For 15 weeks in 1963, The Beatles had their own teatime show on the BBC’s Light Programme called Pop Go The Beatles. A couple of the episodes were recorded in Maida Vale Studio 5, for which the band performed fresh takes on Please Please Me tracks Twist And Shout, PS I Love You and I Saw Him Standing There, as well versions of Elvis Presley’s That’s All Right (Mama) and Carl Perkins’s Lend Me Your Comb that never made it onto an album. Oddly, Pop Go the Beatles wasn’t a runaway success; with Beatlemania yet to fully kick in, the show secured only average listening figures, scoring just 52 out of 100 on the BBC’s appreciation index.
7. It was home to the famous John Peel sessions
Over 4000 sessions were recorded for John Peel’s Radio 1 show between 1967 and 2004, most of them in Maida Vale’s Studio 4. The sessions came about because in the 1960s there were restrictions on the amount of commercially recorded music that could be broadcast, hence bands were invited to the BBC’s own studios to record bespoke versions of their latest tracks. All of music’s most influential names recorded at least one Peel session, from David Bowie and Jimi Hendrix to Orbital and Nirvana. Peel’s own faves were The Fall (32 sessions), Ivor Cutler (20), The Wedding Present and The Delgados (16 apiece).
8. It’s a crucible of collaboration
Because there are numerous artists from wildly different backgrounds - rock, classical, jazz, you name it - using Maida Vale at any one time, this can lead to some interesting collaborations as musicians bump into each other in the corridor. Indie-electronica band Vaults and house duo Gorgon City were both invited to play Rob Da Bank’s Christmas party at Maida Vale in 2013; as a result, the two outfits ended up collaborating on 2016 single All Four Walls. We're still waiting for the same to happen with Paul McCartney and James Bay...
9. Bing Crosby made his last ever recording at Maida Vale
On 11 October 1977, beloved crooner Bing Crosby recorded an eight-song session for Radio 2 in Maida Vale Studio 3 with The Gordon Rose Orchestra. Three days later he collapsed and died after a round of golf at La Moraleja in Spain. A plaque inside the studio commemorates the recording.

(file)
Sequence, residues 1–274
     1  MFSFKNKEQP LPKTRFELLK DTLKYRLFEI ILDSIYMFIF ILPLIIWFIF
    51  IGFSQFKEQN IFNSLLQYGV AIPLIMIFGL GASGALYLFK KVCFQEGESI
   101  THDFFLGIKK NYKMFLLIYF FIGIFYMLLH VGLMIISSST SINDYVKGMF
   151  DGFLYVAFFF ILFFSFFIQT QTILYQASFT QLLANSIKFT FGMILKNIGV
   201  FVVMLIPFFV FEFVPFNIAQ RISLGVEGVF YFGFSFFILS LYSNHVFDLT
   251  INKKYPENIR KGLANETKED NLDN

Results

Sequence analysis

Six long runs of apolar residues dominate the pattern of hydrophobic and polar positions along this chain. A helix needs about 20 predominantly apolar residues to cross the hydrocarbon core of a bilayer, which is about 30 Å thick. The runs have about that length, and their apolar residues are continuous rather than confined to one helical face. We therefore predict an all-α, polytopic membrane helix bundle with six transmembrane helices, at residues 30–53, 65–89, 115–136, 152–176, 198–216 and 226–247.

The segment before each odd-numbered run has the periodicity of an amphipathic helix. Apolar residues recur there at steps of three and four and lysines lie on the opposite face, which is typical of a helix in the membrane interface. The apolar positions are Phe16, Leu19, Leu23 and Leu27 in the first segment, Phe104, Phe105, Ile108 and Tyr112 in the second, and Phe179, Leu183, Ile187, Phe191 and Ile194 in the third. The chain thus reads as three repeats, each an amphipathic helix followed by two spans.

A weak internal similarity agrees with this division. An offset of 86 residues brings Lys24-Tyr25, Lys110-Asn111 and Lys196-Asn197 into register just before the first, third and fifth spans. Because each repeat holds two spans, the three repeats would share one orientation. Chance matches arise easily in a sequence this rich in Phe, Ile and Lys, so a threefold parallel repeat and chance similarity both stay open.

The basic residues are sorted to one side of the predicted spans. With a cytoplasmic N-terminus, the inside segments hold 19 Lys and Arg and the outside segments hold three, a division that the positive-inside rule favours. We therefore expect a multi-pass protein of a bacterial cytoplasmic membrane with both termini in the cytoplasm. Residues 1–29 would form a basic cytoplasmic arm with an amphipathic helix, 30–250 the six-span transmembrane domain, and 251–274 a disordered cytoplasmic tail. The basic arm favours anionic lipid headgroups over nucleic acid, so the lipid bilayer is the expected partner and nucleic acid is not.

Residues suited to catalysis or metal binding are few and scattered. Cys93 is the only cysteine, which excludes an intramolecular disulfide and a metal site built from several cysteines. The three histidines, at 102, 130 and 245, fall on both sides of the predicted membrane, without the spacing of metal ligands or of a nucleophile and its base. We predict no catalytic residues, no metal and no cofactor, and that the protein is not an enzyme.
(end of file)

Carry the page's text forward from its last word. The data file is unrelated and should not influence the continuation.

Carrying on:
10. Its props cupboard is a source of wonder
Maida Vale Studio 6 is where many BBC Radio 4 dramas are recorded. As they still create their own sound effects, there is a huge props cupboard next-door full of weird and wonderful items such as fake doors, bicycle wheels, bells, swords, chains, telephones, crockery to be clunked or smashed and piles of unspooled magnetic tape, which when trodden on apparently replicates the sound of walking through snow.
11. There is a celeste in every studio
Invented in the late 19th century, a celeste is a keyboard instrument that looks like a tiny piano but sounds more like a glockenspiel. It features prominently in Tchaikovsky’s Dance of the Sugar Plum Fairy, Frank Sinatra’s I’ll Never Smile Again and The Velvet Underground’s Sunday Morning, but celestes are rarely manufactured these days. As such, they are expensive and hard to come by. Luckily there is one in every studio at Maida Vale, hence the abnormally high volume of celeste heard on BBC session recordings. There actually used to be even more celestes at Maida Vale, but one was apparently sold to the band Toploader, who used it on their 1999 hit Dancing in the Moonlight.
12. A secret river runs under the building
Lift up a metal cover in Maida Vale Studio 7, formerly a drama studio but now used for storage and occasional DJ broadcasts, and you can see a little river flowing beneath. It’s a rare glimpse of the Westbourne, one of London’s ‘buried’ rivers, which flows through a secret network of tunnels and sewers from Whitestone Pond on Hampstead Heath into the Thames at Chelsea.
Maida Vale, we will miss you.